May 7, 2005

Van Gogh's Ear, Best World Poetry & Prose, Vol. 4


To all those readers who have praised Gerard's writing and wondered why doesn't he do something more with this formidable talent?

Well, the answer is, he is. He has. And he will continue to do so.

What is expressed on this website is but a shard of what the man has to offer. I know.

He's too modest, surprisingly, to mention, so I must, that a poem he wrote was included in the highly revered anthology, Van Gogh's Ear, Best World Poetry & Prose, Vol. 4, published by French Connection Press.

Sandwiched between John Updike and Francois Villon, Gerard's moving and haunting Victims of the Plague is an homage to former mentor and friend Thom Gunn.


In the '90s, Gerard co-authored the amazingly prescient, for its day, Rules of the Net: On-Line Operating Instructions for Human Beings.


A few years ago, The Quotable Sherlock Holmes was published, edited by Gerard Van der Leun with a particularly engaging introduction by "John H. Watson III."

You'll find more biographic information about Gerard at the website I created for his photography exhibit, New York Life Images, Images After the Fall.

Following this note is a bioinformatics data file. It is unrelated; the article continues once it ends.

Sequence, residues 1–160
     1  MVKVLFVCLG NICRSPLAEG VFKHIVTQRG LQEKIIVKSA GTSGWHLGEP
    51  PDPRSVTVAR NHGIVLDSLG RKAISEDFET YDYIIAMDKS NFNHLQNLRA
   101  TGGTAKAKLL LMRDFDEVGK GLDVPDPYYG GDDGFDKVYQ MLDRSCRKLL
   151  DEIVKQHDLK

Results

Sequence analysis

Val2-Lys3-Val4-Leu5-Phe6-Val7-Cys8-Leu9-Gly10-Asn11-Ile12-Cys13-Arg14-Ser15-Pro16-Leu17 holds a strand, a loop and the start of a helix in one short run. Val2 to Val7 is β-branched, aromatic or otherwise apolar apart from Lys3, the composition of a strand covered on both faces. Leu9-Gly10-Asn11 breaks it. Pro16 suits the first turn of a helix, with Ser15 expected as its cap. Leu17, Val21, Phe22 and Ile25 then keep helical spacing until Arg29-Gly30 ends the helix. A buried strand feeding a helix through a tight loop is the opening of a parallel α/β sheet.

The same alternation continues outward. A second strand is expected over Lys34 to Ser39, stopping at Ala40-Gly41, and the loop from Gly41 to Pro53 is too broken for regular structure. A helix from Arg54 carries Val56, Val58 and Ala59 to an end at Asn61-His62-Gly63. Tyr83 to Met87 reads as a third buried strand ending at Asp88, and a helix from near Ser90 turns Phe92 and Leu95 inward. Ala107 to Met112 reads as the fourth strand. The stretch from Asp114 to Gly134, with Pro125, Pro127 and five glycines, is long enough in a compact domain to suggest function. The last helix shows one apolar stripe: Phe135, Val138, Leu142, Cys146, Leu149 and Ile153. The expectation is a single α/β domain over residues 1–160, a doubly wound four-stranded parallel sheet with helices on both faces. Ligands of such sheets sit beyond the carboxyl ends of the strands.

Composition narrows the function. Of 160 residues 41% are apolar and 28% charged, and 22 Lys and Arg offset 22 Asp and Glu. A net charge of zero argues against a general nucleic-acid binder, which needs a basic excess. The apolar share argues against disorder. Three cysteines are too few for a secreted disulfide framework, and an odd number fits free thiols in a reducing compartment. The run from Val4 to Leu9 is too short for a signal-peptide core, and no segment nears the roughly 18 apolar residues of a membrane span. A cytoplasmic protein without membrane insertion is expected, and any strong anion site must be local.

Finally, this is my favorite picture of my husband, taken in San Francisco, September 2002.


I love my husband, as I always have, perhaps more than ever, and I couldn't be more proud.

Posted by at May 7, 2005 3:09 PM
Bookmark and Share



"It is impossible to speak in such a way that you cannot be misunderstood." -- Karl Popper N.B.: Comments are moderated and may not appear immediately. Comments that exceed the obscenity or stupidity limits will be either edited or expunged.

That is a really nice tribute.

Posted by: Howard Larson at May 7, 2005 5:18 PM

A man is quite lucky to have a wife who will sing his praise, let alone having one who will do so as well as you did. Congratulations Mrs. VdL.

Posted by: RattlerGator at May 7, 2005 7:37 PM

I have the QSH. I downloaded it when Mr. Van der Luen graciously offered it up right here.

I'm glad I found Gerard via the comments at Roger L. Simon. If I had just wandered into American Digest at random and read the bio, I might have chosen the screen name "It Was My Loneliest Summer" as a tribute to his association with Penthouse...

The funny thing about my experience with Penthouse is that most of those times when I crossed paths with the odd issue (usually a badly tattered copy in a duty room or ship's berthing area) I did look for the essays and shorts. Well, most of the time, at least.

Quality comes through every time.

Thanks, Mrs.V.

Posted by: TmjUtah at May 8, 2005 7:53 AM

What a nicely created tribute to a loved one, and how interesting that it came on the heels of the expository of the dreaded 1960's. Thank you.

Dan Patterson

Posted by: Dan Patterson at May 9, 2005 7:08 AM